Mark,

I don't think they've heard of inspectors up here.

From what I heard, it seems to be an attempt to standardize local laws... it is all right to have something on your property unless it becomes a nuisance. I haven't seen any official wording.  So instead of there being a law to allow beekeeping, there isn't one to prohibit it.  It seems the next town changed in this way from definitely allowing two per property, so the local beeks keep a little quiet about their hives.

Anyway, with the usual mishaps, we shifted two hives to town tonight.  One was so heavy two weaklings could only just get it onto the ute.  Bees spilled out through the trapdoor even though it was taped with half a roll of tape.  I have a big lump on my eyebrow.  Then because I have a bad sense of direction we had to turn them the opposite direction to what we'd planned to avoid afternoon sun.  Honey is still coming in out of town here, but it won't always be like that.  Like Geoff said, this is probably a one in a 100 years honey flow.

When I picked the new queen bee up I had to wait a couple of hours at the hospital for an appointment, and the lady next to me minded the queen for a while.  I jokingly said I could take bees to her place.  She said a definite no.  This week someone gave me a note from her:"yes to bees".  It seems she talked about it with people and they told her not to be silly, they wouldn't sting!  haha  Anyway, it looks like I have two town sites.  The only trouble will be stopping at 6..no, 10...hives.

Lone
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Birdswood
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« Reply #13 on: May 06, 2012, 07:41:34 PM »

No...15...no...20. Ha ha. I think the bug has addicted you Lone... grin grin grin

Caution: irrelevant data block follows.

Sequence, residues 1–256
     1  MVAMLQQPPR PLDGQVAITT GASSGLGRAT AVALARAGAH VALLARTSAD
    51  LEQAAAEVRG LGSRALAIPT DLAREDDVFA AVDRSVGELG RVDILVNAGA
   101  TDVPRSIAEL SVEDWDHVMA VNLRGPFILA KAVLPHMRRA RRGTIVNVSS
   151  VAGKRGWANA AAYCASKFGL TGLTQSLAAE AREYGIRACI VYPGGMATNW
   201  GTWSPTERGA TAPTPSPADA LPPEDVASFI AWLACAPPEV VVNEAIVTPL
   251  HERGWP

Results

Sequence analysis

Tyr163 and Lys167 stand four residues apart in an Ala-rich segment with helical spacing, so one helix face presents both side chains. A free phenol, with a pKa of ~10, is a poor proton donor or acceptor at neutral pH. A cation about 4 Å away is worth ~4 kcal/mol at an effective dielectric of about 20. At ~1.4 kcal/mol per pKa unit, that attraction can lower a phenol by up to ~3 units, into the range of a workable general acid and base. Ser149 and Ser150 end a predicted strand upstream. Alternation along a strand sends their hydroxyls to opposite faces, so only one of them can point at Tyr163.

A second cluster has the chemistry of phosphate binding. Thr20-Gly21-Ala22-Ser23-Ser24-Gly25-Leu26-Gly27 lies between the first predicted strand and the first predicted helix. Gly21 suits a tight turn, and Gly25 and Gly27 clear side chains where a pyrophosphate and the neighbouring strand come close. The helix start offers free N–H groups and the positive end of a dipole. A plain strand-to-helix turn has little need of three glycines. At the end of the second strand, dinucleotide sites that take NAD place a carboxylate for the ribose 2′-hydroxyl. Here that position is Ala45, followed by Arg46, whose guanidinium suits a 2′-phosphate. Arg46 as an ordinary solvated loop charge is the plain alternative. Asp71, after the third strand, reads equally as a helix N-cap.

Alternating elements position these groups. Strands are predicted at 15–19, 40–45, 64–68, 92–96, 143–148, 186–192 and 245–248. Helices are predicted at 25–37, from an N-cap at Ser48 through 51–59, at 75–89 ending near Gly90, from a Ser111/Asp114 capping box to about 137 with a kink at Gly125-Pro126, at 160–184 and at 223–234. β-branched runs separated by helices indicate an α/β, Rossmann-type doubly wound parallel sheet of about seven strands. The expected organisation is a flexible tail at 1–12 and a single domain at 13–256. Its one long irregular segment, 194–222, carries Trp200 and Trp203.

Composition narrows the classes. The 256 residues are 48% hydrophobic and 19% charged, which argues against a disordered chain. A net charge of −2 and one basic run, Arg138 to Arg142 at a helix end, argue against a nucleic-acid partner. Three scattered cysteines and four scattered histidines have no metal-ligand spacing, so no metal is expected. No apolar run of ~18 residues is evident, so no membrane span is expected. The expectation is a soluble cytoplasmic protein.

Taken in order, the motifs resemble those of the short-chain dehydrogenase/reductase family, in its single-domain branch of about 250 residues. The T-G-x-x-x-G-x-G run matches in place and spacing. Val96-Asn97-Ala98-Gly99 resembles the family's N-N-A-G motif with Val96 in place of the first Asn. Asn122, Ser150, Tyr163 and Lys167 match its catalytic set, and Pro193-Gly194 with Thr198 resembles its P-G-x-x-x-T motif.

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rawfind
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« Reply #14 on: May 16, 2012, 03:06:50 PM »

Mark,

.  This week someone gave me a note from her:"yes to bees".  It seems she talked about it with people and they told her not to be silly, they wouldn't sting!  haha  Anyway, it looks like I have two town sites.  The only trouble will be stopping at 6..no, 10...hives.

Lone


Aint it a good feeling when someone agrees to let you use a small spot on their land!

I'm surprised how receptive some people out there are to allowing bees on their land seems not all people are paranoid of bees, im still trying to figure out which neighbors im going to approach to take advantage of an annual bloom of riverenia blue bells
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bernsad
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« Reply #15 on: May 17, 2012, 08:32:39 AM »

What are Riverina Blue Bells?
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rawfind
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« Reply #16 on: May 17, 2012, 03:06:34 PM »

What are Riverina Blue Bells?

Ha ha , its another name for Patersons curse ! also know as Salvation jane, souinds really exotic dosnt it?

The old timer that was teaching me told me a story .... one day he was  selling honey at a local market and told a customer he had
paterson curse honey for sale , they were against buying it because it is classed as a noxious weed, (it also makes some of the best honey!)
They came back to his stall later on and his wife sold some to them as Riverina Blue Bells, they went home none the wiser!
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bernsad
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« Reply #17 on: May 17, 2012, 10:13:17 PM »

Love it, thanks. I'll be on the lookout now for some Riverina Bluebells Honey.
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prestonpaul
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« Reply #18 on: May 18, 2012, 01:54:30 AM »

That's fantastic.
I think ragwort may have to become Otway daisies  evil
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the-ecohouse.com
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« Reply #19 on: May 18, 2012, 02:01:32 AM »

they wouldn't like my b/yard then lone...i think last count was 15 in the home bee yard....


might be time to move some more out bush.....they just do SOOOOOOO well in town that i loath moving them bush.